The current approach when lending to SMEs (small and medium enterprises) is very different from what used to be practised earlier by the public sector banks, says ‘India Micro, Small & Medium Enterprises Report 2010’ (www.isedonline.org).
Earlier, these banks funded SMEs mainly to meet their priority sector targets, and sanction as well as follow-up and control rested with bank personnel at the branch level, leading to immense scope for corruption, the report notes. “Loans were made haphazardly, often without a proper study of the environment in which the SME operated. Bankers in the sector often had no expertise in handling small loans.”
Among the examples of ‘marked change in lending practices’ is the initiative of State Bank of India (SBI) to have several branches dedicated to SME lending and to adopt newer ways for ensuring that loans are repaid.
For instance, an SME is seen as a responsible business entity through the reference of OEM (original equipment manufacturer). “Banks prefer to fund SMEs that are dedicated suppliers of raw materials or components to larger OEMs, since they would have already passed the due diligence process of a large corporate.”
Another example is of ICICI Bank, which adopts the scorecard methodology for assessing SMEs in the manufacturing and construction sectors; 85 per cent of its business comes from parametrised, cluster-based trade financing, the report informs. “The bank also finances standalone SMEs and believes that financing is moving towards invoice discounting, where there is no legal recourse on the corporate to pay the bank.”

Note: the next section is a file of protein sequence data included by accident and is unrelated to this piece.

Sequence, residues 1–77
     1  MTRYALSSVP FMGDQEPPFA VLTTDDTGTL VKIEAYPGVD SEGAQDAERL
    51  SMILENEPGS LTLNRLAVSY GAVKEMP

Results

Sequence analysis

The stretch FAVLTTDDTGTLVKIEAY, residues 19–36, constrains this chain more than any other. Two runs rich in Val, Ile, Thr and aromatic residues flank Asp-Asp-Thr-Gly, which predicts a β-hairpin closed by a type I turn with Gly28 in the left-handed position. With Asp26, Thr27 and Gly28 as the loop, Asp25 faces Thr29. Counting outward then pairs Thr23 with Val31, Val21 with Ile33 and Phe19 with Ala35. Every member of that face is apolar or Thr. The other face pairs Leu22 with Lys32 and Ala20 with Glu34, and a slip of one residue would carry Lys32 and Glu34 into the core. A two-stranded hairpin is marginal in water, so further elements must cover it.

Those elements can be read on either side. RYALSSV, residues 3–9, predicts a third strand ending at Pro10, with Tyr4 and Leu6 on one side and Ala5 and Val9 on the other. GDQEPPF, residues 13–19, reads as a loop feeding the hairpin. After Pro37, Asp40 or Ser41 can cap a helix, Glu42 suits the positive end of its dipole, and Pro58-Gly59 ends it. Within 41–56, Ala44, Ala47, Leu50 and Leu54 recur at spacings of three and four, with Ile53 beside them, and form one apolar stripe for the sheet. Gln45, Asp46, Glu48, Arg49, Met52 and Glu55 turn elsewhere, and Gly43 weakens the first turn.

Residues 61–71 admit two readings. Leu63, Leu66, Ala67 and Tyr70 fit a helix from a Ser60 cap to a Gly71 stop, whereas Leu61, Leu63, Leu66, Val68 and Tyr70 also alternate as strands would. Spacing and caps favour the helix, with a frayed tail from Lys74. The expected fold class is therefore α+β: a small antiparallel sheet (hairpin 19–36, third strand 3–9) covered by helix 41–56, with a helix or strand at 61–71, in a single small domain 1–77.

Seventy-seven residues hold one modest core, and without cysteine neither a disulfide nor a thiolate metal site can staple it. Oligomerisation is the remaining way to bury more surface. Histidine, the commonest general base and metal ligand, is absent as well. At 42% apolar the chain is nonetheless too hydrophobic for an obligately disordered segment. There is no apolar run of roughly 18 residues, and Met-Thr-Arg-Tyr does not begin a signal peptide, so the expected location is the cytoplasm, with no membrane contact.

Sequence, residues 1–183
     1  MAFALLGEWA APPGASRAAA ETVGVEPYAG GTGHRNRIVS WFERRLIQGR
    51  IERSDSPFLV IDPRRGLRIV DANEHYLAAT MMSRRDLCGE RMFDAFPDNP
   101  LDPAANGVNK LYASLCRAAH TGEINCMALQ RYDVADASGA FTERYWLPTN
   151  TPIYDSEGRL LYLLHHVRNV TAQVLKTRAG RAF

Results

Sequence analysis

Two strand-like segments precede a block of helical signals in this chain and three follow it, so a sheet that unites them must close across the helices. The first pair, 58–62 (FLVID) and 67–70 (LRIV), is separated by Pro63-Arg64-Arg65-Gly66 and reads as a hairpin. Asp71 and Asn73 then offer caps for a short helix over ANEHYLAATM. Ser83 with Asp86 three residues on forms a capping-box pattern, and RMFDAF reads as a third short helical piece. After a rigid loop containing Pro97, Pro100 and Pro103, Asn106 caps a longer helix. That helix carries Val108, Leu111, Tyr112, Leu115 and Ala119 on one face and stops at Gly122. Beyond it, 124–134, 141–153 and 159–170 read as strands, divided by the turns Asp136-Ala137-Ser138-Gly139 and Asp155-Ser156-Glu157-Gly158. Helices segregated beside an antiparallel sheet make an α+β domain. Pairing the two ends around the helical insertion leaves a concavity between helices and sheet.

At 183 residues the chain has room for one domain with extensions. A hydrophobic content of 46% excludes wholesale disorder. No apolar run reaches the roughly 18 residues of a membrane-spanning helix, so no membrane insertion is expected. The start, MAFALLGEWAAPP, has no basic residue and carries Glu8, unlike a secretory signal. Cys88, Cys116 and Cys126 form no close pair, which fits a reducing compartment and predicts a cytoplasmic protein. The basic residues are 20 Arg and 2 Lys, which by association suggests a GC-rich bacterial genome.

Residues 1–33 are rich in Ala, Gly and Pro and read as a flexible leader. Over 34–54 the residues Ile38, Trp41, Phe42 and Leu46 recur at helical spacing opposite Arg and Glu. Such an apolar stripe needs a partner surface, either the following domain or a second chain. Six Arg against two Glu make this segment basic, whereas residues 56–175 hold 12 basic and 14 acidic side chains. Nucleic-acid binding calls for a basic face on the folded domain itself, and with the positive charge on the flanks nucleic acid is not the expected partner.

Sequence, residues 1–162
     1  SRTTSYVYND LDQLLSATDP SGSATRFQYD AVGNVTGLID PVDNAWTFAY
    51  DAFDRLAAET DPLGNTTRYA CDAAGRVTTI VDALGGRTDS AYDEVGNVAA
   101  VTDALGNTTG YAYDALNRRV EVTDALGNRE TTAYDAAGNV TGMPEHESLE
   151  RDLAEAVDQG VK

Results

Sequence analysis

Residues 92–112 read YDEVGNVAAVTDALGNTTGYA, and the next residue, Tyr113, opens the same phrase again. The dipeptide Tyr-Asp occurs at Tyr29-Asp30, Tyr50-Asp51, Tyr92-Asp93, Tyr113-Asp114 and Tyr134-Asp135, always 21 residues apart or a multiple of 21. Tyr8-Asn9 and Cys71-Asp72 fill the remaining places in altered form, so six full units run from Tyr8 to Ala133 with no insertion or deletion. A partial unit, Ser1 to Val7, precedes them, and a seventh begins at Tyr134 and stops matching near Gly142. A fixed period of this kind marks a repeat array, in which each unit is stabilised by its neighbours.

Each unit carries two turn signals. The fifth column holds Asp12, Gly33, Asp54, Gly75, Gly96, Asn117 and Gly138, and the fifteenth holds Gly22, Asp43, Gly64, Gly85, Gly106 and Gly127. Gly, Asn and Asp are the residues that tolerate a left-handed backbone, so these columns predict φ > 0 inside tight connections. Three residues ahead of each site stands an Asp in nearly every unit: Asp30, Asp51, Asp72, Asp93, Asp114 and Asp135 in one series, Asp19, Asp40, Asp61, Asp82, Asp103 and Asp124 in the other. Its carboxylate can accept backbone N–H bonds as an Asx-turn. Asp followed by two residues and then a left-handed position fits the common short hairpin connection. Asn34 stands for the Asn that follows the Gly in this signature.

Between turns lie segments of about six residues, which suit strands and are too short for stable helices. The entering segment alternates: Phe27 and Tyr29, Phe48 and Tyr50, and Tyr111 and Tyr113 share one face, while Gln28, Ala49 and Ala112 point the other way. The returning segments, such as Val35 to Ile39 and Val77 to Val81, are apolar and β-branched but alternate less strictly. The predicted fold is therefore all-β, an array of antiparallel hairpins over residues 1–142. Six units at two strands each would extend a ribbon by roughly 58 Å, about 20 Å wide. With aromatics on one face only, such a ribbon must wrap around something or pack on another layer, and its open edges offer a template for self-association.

The ‘green’ chapter narrates ‘a story from Varanasi,’ about energy management in brick manufacturing, which is a traditional SME sector in the country. Considering that the major energy consuming part in the process is the brick kiln chimney, fired with coal or wood, with fuel constituting 30 to 40 per cent of cost, the Bureau of Energy Efficiency has made an assessment of conservation.
Accordingly, ‘a technology upgradation involving brick extruders, crushers, box-feeders, roller mills, hammer mills, cutters, driers etc.’ can lead to energy saving ‘between 0.5 to 0.8 mega joules per kg of brick.’
The report frets that a major problem faced by SMEs in most parts of India is the erratic supply of electricity. “According to the summary results of the Fourth all-India Census of MSMEs, only 18.68 per cent of SMEs depend upon electricity.”
In this context, what is highlighted as a ray of hope is the model shown by the Karnataka Vikas Grameen Bank. Since many of the bank’s rural branches face acute power problems, nearly 10 per cent of its 400-plus branches now have solar power facility.